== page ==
Sunday, August 30, 2009

A Painter Reads a Poem About Painters

One of my favorite poems to teach (not necessarily the students' favorite) is "Musee des Beaux Arts," by W.H. Auden, and yes, there needs to be an accent over one of those e's in Musee, but I've yet to discover how to include accents using the blog-machinery. The name of the poem is the name of a museum in Brussels, and the museum includes the main painting about which Auden writes, Breughel's "Icarus," which paints (literally) Icarus in a very unheroic, unmythical light. "About suffering," says Auden's poem, "they were never wrong,/The Old Masters." I like the poem because there are so many different things to do with it in class, including teaching it as an example of an ekphrastic poem--a poem about art, a kind of art different from poetry.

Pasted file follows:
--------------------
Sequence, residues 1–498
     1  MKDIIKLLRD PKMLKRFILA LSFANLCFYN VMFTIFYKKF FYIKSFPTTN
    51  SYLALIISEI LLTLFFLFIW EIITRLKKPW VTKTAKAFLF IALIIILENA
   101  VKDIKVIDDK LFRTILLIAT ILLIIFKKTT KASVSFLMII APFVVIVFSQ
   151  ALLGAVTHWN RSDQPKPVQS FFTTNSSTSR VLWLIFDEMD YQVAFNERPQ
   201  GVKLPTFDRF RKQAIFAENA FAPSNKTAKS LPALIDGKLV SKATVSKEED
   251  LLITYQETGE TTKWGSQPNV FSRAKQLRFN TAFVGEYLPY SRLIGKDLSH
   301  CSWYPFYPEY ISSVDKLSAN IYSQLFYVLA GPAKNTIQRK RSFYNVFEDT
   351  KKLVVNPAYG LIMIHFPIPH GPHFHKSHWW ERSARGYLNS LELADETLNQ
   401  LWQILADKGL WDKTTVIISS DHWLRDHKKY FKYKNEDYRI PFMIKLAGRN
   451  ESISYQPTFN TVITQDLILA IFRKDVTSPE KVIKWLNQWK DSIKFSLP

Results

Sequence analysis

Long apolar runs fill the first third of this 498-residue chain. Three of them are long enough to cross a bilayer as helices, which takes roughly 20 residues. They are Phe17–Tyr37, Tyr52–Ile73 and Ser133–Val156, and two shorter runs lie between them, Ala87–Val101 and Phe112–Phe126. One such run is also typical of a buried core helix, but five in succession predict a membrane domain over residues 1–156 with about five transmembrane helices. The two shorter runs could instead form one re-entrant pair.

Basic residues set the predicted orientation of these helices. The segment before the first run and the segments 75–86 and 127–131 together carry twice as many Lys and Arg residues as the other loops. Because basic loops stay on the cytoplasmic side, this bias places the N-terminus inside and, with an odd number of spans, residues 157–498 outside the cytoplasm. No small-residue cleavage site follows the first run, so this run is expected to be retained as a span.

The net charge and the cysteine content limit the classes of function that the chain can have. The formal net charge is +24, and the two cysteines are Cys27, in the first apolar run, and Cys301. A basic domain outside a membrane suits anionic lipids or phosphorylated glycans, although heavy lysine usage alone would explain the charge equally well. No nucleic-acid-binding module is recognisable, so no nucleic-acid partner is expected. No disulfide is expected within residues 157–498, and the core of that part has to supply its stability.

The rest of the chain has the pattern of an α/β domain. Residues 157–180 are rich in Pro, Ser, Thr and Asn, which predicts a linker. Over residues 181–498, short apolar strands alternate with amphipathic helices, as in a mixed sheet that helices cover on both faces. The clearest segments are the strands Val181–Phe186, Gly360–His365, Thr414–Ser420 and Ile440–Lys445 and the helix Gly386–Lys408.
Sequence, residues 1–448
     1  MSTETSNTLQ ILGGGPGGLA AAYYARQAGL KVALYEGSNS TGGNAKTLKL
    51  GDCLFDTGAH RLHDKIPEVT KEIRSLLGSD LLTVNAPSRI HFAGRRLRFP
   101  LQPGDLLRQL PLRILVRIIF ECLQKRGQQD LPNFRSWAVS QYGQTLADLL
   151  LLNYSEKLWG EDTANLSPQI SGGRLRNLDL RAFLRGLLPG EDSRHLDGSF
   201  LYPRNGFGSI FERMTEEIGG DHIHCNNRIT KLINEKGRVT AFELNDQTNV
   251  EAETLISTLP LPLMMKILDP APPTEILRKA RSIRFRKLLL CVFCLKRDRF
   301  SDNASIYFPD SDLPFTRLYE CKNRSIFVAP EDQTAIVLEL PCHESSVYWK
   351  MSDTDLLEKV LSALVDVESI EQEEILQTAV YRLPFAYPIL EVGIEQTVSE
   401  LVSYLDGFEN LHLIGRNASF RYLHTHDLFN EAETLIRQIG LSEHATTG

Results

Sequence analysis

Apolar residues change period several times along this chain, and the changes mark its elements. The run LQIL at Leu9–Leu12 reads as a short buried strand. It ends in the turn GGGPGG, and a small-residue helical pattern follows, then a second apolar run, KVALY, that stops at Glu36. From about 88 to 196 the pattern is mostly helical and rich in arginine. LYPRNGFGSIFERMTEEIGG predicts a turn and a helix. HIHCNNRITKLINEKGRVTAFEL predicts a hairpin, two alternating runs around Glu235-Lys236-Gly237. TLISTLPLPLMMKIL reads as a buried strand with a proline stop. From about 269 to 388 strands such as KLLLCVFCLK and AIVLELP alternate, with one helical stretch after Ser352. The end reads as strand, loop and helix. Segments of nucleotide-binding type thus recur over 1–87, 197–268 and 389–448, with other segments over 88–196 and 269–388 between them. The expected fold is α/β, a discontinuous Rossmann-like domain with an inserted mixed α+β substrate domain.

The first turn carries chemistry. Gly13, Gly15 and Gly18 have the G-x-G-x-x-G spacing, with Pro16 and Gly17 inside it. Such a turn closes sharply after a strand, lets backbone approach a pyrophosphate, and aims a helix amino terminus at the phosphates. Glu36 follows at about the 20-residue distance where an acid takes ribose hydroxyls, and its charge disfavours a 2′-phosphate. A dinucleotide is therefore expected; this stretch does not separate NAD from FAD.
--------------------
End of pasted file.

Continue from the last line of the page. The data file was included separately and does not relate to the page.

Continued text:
Here is a link to a nice video of painter Susan Hambleton discussing and reading the poem. The video was produced and directed by Louis Massiah and is part of the Favorite Poem Project.
Post a Comment